The Impact of Self-Driving Cars
Technological changes in the auto industry have taken several giant leaps forward in the last decade, including lane change warning systems, emergency braking, and self-driving cars which may only be a year of two away from hitting the roads in huge numbers. So what does that mean in terms of consumer safety and liability?
The National Highway Traffic Safety Administration (NHTSA) and Society of Automotive Engineers say there are six levels of driving automation. Zero denotes full human control and five is a fully autonomous vehicle.
Bryant Walker Smith, an assistant law professor at the University of South Carolina, says that today’s level of automation is at a two or below, which puts the driver at fault in the event of a car crash. “Anything that’s below level three, it’s clearly a human that’s supposed to be doing part of the driving,” he adds.
As more manufacturers increase the production of autonomous vehicles, the auto industry will likely bear a higher burden of liability. In the 2016, attorneys filed for a class action suit in a U.S. District Court in California against Tesla Motors claiming the manufacturer’s Autopilot system was “flawed” and resulted in the first known fatality involving a self-driving vehicle.
According to news reports, Joshua Brown, a 40 year old man from Ohio, lost control of his Tesla Model S car when the autopilot failed to stop him from plowing into a tractor-trailer on a Florida highway.
After a yearlong investigation, the NHTSA concluded that the Tesla Autopilot system capable of automatically steering and controlling a car had “played a major role” in the crash. The agency also said the Autopilot system had performed as intended, but lacked safeguards to prevent drivers from using it improperly.
Auto industry experts predict that driver-assisted cars will likely reduce human error, making driving safer in the future. Only time will tell.
While it is not uncommon for consumers to test the limits of new technology devices, drivers may want to think twice before blindly trusting autonomous vehicles.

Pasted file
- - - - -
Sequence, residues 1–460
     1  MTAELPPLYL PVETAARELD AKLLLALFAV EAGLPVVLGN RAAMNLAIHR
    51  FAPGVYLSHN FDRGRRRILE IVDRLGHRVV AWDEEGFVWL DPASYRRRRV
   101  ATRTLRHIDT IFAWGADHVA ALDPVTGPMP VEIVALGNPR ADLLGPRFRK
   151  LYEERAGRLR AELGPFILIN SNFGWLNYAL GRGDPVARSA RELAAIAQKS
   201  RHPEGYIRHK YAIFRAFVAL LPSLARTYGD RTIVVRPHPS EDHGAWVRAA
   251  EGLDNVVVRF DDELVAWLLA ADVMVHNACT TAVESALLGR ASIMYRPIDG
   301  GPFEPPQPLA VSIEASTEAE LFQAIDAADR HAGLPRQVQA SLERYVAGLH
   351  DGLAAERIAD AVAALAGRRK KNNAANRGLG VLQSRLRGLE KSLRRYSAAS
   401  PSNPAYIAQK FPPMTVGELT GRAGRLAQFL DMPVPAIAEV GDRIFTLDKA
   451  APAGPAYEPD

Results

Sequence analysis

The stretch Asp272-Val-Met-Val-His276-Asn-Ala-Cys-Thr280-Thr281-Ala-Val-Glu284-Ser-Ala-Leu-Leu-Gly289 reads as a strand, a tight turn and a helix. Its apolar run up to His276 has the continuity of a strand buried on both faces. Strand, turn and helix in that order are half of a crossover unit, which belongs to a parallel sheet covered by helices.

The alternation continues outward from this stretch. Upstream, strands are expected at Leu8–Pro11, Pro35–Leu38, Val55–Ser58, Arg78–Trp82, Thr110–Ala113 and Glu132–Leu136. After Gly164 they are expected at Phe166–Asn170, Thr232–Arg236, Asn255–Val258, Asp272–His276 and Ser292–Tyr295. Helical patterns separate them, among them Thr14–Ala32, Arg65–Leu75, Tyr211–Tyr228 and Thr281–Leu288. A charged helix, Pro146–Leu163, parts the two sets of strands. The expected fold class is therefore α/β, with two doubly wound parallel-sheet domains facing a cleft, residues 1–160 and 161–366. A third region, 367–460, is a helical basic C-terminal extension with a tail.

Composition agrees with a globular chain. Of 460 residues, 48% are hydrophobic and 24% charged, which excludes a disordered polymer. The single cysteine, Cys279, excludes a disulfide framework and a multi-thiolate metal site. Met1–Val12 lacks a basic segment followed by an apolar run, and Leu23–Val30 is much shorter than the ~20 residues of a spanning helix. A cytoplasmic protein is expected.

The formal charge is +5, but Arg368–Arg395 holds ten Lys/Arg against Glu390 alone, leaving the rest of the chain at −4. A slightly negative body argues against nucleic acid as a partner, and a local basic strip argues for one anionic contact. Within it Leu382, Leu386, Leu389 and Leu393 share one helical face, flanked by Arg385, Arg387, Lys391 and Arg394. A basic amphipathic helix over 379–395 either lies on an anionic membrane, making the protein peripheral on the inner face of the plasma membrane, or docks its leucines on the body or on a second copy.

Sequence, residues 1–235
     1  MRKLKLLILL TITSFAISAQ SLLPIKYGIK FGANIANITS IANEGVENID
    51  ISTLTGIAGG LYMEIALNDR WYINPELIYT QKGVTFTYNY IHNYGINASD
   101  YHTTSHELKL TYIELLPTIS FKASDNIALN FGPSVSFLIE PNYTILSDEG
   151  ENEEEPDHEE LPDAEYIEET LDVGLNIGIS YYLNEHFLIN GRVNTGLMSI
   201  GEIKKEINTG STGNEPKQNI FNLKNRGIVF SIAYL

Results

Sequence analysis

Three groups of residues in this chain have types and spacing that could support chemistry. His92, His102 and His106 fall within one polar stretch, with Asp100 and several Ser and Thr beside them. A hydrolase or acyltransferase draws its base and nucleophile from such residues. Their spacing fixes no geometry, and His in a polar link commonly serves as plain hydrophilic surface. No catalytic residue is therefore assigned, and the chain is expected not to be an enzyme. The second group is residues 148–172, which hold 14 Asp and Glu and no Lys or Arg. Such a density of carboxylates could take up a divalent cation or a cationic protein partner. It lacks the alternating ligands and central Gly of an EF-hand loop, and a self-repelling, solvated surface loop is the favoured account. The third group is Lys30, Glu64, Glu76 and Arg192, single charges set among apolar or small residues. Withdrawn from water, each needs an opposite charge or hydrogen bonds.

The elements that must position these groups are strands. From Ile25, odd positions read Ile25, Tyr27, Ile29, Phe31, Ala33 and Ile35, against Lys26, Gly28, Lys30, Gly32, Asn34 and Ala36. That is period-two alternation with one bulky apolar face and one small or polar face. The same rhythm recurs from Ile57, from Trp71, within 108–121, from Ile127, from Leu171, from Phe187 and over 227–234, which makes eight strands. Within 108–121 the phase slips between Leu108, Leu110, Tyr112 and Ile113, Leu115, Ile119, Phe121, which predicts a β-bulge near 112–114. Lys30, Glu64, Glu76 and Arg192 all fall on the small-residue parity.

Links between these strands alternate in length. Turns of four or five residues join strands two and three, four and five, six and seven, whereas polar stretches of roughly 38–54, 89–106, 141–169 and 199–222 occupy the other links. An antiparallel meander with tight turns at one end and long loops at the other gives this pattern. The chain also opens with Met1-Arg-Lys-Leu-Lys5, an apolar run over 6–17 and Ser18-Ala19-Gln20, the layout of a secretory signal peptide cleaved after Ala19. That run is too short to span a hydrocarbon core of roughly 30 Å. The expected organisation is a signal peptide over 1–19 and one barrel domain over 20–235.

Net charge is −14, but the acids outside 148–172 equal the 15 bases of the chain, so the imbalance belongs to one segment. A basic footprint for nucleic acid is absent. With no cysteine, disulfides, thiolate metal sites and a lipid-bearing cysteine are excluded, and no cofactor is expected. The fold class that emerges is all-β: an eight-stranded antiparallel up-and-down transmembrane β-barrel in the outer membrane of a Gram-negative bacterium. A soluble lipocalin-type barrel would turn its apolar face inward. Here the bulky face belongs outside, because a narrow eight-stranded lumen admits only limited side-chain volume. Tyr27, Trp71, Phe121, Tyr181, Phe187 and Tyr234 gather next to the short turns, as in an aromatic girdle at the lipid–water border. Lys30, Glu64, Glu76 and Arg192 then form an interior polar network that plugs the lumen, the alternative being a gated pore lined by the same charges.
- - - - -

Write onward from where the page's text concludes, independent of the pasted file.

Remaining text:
In January, the NHTSA’s report to its board said that Tesla Motor’s Autopilot-enabled vehicles did not need to be recalled, which could be interpreted as a victory for the automaker. However, the inquiry focused only on the question of whether any flaws in the system had led to the crash; it found no such flaws, despite the fact that the system failed to distinguish between the rear of the tractor-trailer and the sky. Apparently, the technology may not quite be there for situations similar to this.
Additionally, the NHTSA report indicated that Mr. Brown, the driver was able to use the system on a road for which it was not designed.
Even though the government has opened a clearer path for automakers to develop driverless cars, manufacturers will still need to provide proper consumer warnings.
Chairman of the NHTSA, Robert L. Sunwalt, referring to the Tesla case said, “The combined effects of human error and the lack of sufficient system controls resulted in a fatal collision that should not have happened.” [New York Times, September 2016]
When taking legal action against any manufacturer for a product defect, many state courts consider the consumer’s reasonable expectation of the product.
Vanderbilt Law School professor, W. Kip Viscusi, put it this way.”A reasonable consumer might expect [autopilot] to work better, that you wouldn’t be crashing into a semi that crossed the highway.” [CNN Money, July 2016]
Self-driving technology is not like the spell check feature on your word processing program, where you can go back, find and then correct your mistake. Do we really want to rely solely on a computer to make life and death decisions on the roads and highways for us? Remember, humans are still involved in designing and manufacturing these vehicles and the computers and sensors that help to operate them. Judgment is a human trait that is hard to install in a computer.
Don’t get me wrong, I am all in favor of technological advances. On the other hand, as an attorney specializing in auto accidents and product liability cases, I am concerned that self-driving vehicles may create more careless drivers who put too much faith into a computer.
The Transportation Department recently unveiled voluntary guidelines for testing autonomous vehicles as part of a broader government effort to encourage automakers’ development of self-driving technology. Under these guidelines, it will be left to automakers and other companies to decide whether to submit safety reviews to federal regulators.
Currently, it’s unclear how many crashes have happened while autopilot was activated. A Tesla driver who crashed on a Pennsylvania highway said autopilot was active, but Tesla has not conceded this. Safety regulators are looking into that incident as well.